Dec 14, 2018
I was recently at Extreme365 in Austin, I even had a role in Keynote! One of the sessions was a "Fireside Chat" with the Bizapps product team. Aside from there not actually being a fire that I could see, there was some great conversation. Ryan Jones, who works with Charles Lamanna on the platform team, said something that stuck in my head.
When asked about what ISVs can do better in working with Microsoft and AppSource, Ryan said Microsoft focuses on five things.
Depending on whether you are "Build", "Extend" or "Connect", these may have slightly different meanings to you. If you don't know what Build, Extend or Connect are, read this post. Let's dive in a little deeper on these five things.
Like I said, this seem like a twofer, and really feels more like a Connect track issue more than the others. If you have an external service that your solution connects to D365, then obviously you will want to make sure you have provided for redundancy in the event something happens, so your users are not suddenly without your wonderful value-add. In addition, you will need to stay on top of changes to Microsoft's end of the platform, to make sure your solution continues to connect, day in and day out, to delight your customers.
For a Connect ISV, you need to make sure you have enough capacity to scale and handle whatever may come your way, without bringing your solution, or D365 to a crawl. For all ISVs this is an important consideration. Poor performance can come from many different things, but the result is that your customers suffer with a bad experience. In addition, poor performing code could put unnecessary strain and cost on Microsoft's end, which may cause you to be removed from their Christmas Card list. Microsoft recently launched the Solution Checker to help you identify performance issues. You can read about it here.
We know that Microsoft is maniacal about security. It is a competitive advantage that they do not plan to put at risk. ISVs are a weak spot in their defense. I have seen apps in AppSource, that request you provide tenant admin credentials into a form displayed in an iframe. Seriously! Microsoft has started to focus on this "hole" more, and I expect that to tighten up significantly. It is not enough for them to waive responsibility for your app, they need to ensure that your app is not creating a security doorway.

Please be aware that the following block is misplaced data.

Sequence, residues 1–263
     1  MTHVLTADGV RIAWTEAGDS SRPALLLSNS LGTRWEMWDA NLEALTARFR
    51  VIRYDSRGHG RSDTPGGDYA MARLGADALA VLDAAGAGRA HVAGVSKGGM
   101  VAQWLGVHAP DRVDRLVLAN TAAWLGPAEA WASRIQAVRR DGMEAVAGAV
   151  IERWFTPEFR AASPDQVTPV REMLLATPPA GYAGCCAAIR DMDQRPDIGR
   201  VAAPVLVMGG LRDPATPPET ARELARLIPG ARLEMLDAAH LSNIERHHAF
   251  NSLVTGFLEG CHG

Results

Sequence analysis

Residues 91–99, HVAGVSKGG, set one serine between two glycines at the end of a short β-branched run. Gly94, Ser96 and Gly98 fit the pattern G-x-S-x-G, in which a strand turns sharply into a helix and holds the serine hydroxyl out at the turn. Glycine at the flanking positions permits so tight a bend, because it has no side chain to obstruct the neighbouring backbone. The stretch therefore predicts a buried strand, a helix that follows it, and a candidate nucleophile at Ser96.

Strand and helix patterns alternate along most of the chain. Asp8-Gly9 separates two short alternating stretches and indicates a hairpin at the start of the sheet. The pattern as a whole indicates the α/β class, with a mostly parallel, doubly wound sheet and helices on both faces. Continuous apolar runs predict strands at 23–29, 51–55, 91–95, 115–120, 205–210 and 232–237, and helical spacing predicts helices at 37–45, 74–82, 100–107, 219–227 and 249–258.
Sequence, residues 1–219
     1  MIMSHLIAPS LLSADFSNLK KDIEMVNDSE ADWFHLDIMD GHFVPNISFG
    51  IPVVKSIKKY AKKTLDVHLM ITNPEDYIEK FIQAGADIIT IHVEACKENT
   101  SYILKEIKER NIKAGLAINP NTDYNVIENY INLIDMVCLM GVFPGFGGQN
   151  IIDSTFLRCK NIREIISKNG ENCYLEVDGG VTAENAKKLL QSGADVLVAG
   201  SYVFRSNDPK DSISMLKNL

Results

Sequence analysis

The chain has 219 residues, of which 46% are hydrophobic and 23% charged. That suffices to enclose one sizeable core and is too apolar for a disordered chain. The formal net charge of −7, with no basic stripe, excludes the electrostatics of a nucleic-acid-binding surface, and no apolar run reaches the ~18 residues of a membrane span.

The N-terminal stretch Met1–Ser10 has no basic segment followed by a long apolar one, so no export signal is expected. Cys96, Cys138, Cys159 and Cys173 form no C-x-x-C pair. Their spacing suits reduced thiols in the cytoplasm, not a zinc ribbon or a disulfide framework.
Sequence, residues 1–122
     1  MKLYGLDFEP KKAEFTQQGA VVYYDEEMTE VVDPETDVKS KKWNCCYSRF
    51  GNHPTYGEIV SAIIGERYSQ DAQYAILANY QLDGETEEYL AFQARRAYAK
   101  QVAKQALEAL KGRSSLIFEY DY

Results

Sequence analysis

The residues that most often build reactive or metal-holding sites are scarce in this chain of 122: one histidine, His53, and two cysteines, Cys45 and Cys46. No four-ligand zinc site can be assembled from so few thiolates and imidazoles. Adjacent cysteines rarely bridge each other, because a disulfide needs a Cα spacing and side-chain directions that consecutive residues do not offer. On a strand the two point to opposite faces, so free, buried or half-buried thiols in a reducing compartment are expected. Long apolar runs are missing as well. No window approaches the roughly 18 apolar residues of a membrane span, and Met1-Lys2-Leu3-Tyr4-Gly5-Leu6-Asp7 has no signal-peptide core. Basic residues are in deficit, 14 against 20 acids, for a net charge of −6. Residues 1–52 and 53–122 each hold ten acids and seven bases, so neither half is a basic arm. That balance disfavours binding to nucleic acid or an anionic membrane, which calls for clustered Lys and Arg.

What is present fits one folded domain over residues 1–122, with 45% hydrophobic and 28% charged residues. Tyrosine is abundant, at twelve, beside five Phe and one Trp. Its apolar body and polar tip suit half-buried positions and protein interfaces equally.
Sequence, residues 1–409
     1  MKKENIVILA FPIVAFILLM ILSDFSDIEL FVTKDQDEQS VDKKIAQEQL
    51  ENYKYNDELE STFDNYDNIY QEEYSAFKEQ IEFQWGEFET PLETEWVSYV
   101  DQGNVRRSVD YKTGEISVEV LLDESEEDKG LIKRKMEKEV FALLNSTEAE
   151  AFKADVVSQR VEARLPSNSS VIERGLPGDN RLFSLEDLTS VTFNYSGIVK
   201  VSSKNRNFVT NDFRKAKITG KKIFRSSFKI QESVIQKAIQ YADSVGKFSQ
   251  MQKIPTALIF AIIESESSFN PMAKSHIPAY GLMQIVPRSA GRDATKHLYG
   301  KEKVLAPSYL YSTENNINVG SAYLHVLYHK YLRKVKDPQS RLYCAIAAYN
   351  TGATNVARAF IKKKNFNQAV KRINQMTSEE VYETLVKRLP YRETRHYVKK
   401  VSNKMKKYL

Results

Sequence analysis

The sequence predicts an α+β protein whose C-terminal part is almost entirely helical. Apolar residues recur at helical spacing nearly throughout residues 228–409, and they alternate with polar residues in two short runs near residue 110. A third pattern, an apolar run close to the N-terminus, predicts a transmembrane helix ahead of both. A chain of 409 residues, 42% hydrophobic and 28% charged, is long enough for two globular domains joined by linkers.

There are certain ISV apps that continuously generate support issues for Microsoft. You do not want yours to be on that list. If it is, you already know it. Deprecated code is probably the main driver of lack of supportability. Fortunately the Solution Checker and AppSource Pre-Certification tools are here to help you identify these issues. Many of these issues will also cause performance issues, so you should fix them. Microsoft has not yet launched a tool to automatically fix your crappy code, so for the foreseeable future, you will need to crack it open and do it yourself.
This one is getting tougher to keep up with. Things you built a particular way, only a year ago, are not necessarily the most efficient way to do that task today. Some thing that you wrote 500 lines of code to do, might be accomplished with a checkbox today. This is particularly true for legacy ISVs. If you have not touched your solution in the last 6 months, you are already out of sync. And we both know, many of you have not touched your solutions in years. If you did, it was just patching it up to keep working, so today you have a real house of cards. Efficiency is not even a consideration.
Up until now, Microsoft has been more than forgiving of ISVs and Customer solutions that fail on one or more of the above five items. But that is neither scalable, or supportable as we rapidly move towards a single version of the product. Microsoft has tried the Carrot approach, and that has worked for a portion of you, but now it is time to switch to the Stick. I expect Microsoft to get much more aggressive around solutions complying with these five things soon. Consider yourself warned.